Glucose screening will test for gestational diabetes. This test is administered between weeks twenty four and twenty eight. You will drink a sugar solution and wait about an hour before having your blood taken. If the test comes back positive, meaning your sugar levels were above average, you will discuss diet issues with your doctor to keep the problem under control.

Group B Strep Screening tests for an infection carried in the vaginal or rectal area in women. It is harmless unless passed from mother to child, which can cause deadly illnesses, such as meningitis. You will have blood taken for the test and if the test is positive will receive antibiotics before and possibly during your delivery.

Tests will assist in continuing the health of yourself and your baby. Discuss any questions you have about testing with your health care provider. He will be able to assist you in choosing which tests are necessary during your pregnancy.


There is no doubt about it; you are now pregnant and probably being stopped everywhere you go with questions, admiration, and even advice. Take everything with a grain of salt, and never be surprised at what people will ask or tell you.

Frequent urination is a time-consuming endeavor for women in their third trimester. You might find yourself constantly thirsty to keep yourself hydrated. With the addition of fluids into your system and a baby nudging your insides, the sudden need to urinate will overcome you, especially in those last weeks. Have no fear. This is normal.

Frequent urination can also be a symptom of a urinary tract infection, so if you have any pain during urination, it is important to phone your caregiver. If you have a urinary tract infection, more than likely you will be given an antibiotic.

In your third trimester, you should expect practice contractions, the addition of stretch marks, indigestion, possible breathlessness, and frequent urination.

In utero, the fetus starts to breathe amniotic fluid, brain tissue develops, and your baby can dream, eyes can open and close, the baby will sleep at regular intervals, fat continues to form, organs continue to mature, and the baby will start to pass water from its bladder.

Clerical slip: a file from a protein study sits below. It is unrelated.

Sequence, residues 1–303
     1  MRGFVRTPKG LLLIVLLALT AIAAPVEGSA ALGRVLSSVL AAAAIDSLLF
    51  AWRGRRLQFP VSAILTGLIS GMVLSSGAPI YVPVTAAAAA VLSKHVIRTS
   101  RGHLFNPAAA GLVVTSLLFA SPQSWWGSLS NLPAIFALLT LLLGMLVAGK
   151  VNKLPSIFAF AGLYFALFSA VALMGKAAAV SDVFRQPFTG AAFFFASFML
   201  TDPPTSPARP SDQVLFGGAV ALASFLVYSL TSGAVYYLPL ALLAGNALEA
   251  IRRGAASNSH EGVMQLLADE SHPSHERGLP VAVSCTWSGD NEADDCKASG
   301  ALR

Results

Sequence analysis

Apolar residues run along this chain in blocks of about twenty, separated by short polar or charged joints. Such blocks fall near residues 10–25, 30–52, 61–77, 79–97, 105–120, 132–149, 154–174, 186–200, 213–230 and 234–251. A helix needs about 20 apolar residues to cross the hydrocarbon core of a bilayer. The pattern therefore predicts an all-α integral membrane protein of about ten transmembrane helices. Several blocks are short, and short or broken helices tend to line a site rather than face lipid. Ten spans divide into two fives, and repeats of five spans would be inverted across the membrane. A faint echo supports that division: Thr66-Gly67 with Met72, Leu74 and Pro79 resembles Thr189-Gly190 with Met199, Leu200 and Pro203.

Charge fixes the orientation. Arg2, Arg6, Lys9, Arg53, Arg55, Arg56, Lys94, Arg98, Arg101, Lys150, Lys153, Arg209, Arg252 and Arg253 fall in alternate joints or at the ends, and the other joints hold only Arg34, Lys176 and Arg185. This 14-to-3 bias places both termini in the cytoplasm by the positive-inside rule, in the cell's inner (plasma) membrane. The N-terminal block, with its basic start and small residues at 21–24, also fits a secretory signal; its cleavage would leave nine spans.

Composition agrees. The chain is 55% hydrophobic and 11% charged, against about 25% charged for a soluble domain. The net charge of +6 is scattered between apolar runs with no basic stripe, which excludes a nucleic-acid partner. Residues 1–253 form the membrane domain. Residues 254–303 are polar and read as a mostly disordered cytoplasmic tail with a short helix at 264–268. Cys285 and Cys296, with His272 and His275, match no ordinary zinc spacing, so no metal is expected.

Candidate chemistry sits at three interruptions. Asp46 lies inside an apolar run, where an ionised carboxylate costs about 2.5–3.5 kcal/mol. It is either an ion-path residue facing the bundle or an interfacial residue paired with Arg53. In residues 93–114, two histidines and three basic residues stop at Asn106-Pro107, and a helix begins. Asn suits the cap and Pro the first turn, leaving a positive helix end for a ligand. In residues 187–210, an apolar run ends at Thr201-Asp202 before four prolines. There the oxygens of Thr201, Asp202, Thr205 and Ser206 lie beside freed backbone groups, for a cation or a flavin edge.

Preparing Your Body

Exercise during pregnancy is always recommended. You will feel more energetic, in tune with your body, and generally healthy overall. Exercise will also keep your body in shape for your pending delivery. Check with your doctor before starting any strenuous type of exercise. Most activities that you already participate in are safe to continue during pregnancy.

Childbirth classes will also help you prepare for this new experience. Lamaze is the most widely known and used method of birth in the world. This birthing style emphasizes natural birth and offers a variety of relaxation methods to keep you more comfortable. The focus of this method is patterned breathing routines that will change your focus from contractions to your breathing. If the Lamaze method of breathing is practiced regularly throughout the pregnancy, the “real” event is often more relaxed.

The Bradley Method also emphasizes natural childbirth. With a healthy diet, including exercise and the understanding of pain management, labor will be less painful. Heavy abdominal breathing is used as pain management.

There are, of course, other methods of preparation; however these are the most popular.

Prepping the Baby’s Room

Time to shop! Getting together your baby’s room is always a fun event. Purchasing and bringing home special items to await your new smiling face will bring excitement to your heart and home.

If you are planning to paint the room, delegate the responsibility to someone else. You shouldn’t be exposed to the paint fumes or the possibility of a fall off of a ladder. Get assistance when putting together furniture, and use caution when lifting.

General Necessities

Shopping for a new baby tempts every purchaser. Below is a list of items that will help you feel more prepared. Of course you can add to the list.

* A car seat. You will need a car seat installed in your vehicle before taking your child home. Most stores have employees that can assist you in choosing a seat that will best fit the model of your vehicle, and some will even install it for you. If you need assistance, you can also call your local fire department in the US. They will be able to properly install your car seat.

* A stroller. Strollers are convenient for traveling with your baby. Most manufacturers offer travel systems for newborns that allow you to take your car seat and place it inside of your stroller for easier use.

* A crib. All new cribs must meet quality standards; however if you are purchasing or borrowing an older crib, make sure a soda can won’t fit through the bars. This is a general guideline to see if the crib will be safe for your baby. If the can does fit, it’s best to purchase a new crib for the safety of your baby because your baby could possibly fit his head through the bars and get stuck.

* Diapering Essentials. This may or may not include a changing table, depending on your preference. It is best to be prepared with diapers, wipes, baby powder, cream, and anything else you will use for diapering.

* Clothing. It is best to have a few outfits for nice occasions and about a dozen one-piece outfits or t-shirts as these are what your baby will practically live in around the house. You can purchase sleepers, which are long and cover your baby’s feet as an addition to your layette; however your baby might not want to stay in these very long. Socks or booties can also keep your baby’s feet warm. All other clothing purchases can be made at your discretion. If you just have to purchase clothing, it is best to buy in larger sizes so that your baby can wear them longer.